An Inconvenient Truth: Global Warming
Global Warming or Climate Change, measurable increases in the average temperature of Earth’s atmosphere, oceans, and landmasses. Scientists believe Earth is currently facing a period of rapid warming brought on by rising levels of heat-trapping gases, known as greenhouse gases, in the atmosphere.
Greenhouse gases retain the radiant energy (heat) provided to Earth by the Sun in a process known as the greenhouse effect. Greenhouse gases occur naturally, and without them the planet would be too cold to sustain life as we know it. Since the beginning of the Industrial Revolution in the mid-1700s, however, human activities have added more and more of these gases into the atmosphere. For example, levels of carbon dioxide, a powerful greenhouse gas, have risen by 35 percent since 1750, largely from the burning of fossil fuels such as coal, oil, and natural gas. With more greenhouse gases in the mix, the atmosphere acts like a thickening blanket and traps more heat.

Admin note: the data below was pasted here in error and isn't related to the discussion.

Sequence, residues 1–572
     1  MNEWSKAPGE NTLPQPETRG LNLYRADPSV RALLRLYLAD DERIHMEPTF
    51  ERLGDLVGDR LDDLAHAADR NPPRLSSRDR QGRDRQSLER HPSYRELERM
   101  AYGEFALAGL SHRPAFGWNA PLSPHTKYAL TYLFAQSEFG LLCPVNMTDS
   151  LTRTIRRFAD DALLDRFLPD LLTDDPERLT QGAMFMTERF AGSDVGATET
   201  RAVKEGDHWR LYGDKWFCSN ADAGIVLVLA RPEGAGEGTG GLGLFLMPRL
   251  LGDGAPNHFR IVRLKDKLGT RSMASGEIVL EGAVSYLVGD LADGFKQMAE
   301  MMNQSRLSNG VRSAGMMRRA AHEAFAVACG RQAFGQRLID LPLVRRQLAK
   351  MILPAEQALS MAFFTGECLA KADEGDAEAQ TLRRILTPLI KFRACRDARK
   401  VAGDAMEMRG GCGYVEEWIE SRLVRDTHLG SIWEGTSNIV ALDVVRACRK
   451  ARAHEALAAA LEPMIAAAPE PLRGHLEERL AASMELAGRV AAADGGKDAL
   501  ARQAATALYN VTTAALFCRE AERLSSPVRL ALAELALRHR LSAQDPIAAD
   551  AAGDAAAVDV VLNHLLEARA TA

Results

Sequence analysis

Earth has warmed and cooled many times since its formation about 4.6 billion years ago. Global climate changes were due to many factors, including massive volcanic eruptions, which increased carbon dioxide in the atmosphere; changes in the intensity of energy emitted by the Sun; and variations in Earth’s position relative to the Sun, both in its orbit and in the inclination of its spin axis.
Variations in Earth’s position, known as Milankovitch cycles, combine to produce cyclical changes in the global climate. These cycles are believed to be responsible for the repeated advance and retreat of glaciers and ice sheets during the Pleistocene Epoch (1.8 million to 11,500 years before present), when Earth went through fairly regular cycles of colder “glacial” periods (also known as ice ages) and warmer “interglacial” periods. Glacial periods occurred at roughly 100,000-year intervals.
An interglacial period began about 10,000 years ago, when the last ice age came to an end....